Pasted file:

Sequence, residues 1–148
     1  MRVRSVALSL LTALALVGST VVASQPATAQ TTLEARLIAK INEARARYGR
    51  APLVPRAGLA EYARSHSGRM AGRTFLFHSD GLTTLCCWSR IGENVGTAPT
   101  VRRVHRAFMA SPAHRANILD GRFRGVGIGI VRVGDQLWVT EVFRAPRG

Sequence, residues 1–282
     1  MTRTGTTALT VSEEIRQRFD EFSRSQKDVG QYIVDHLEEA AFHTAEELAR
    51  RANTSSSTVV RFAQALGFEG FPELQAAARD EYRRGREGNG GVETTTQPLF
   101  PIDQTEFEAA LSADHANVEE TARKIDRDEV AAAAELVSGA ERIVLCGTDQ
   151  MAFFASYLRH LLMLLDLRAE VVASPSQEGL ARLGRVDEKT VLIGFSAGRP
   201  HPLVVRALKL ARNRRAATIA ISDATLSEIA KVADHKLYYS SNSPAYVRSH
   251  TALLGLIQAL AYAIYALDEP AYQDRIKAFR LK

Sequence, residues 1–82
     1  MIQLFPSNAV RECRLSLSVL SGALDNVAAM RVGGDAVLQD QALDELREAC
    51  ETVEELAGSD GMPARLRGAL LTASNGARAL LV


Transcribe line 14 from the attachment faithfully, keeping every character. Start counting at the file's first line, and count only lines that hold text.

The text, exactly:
    51  ETVEELAGSD GMPARLRGAL LTASNGARAL LV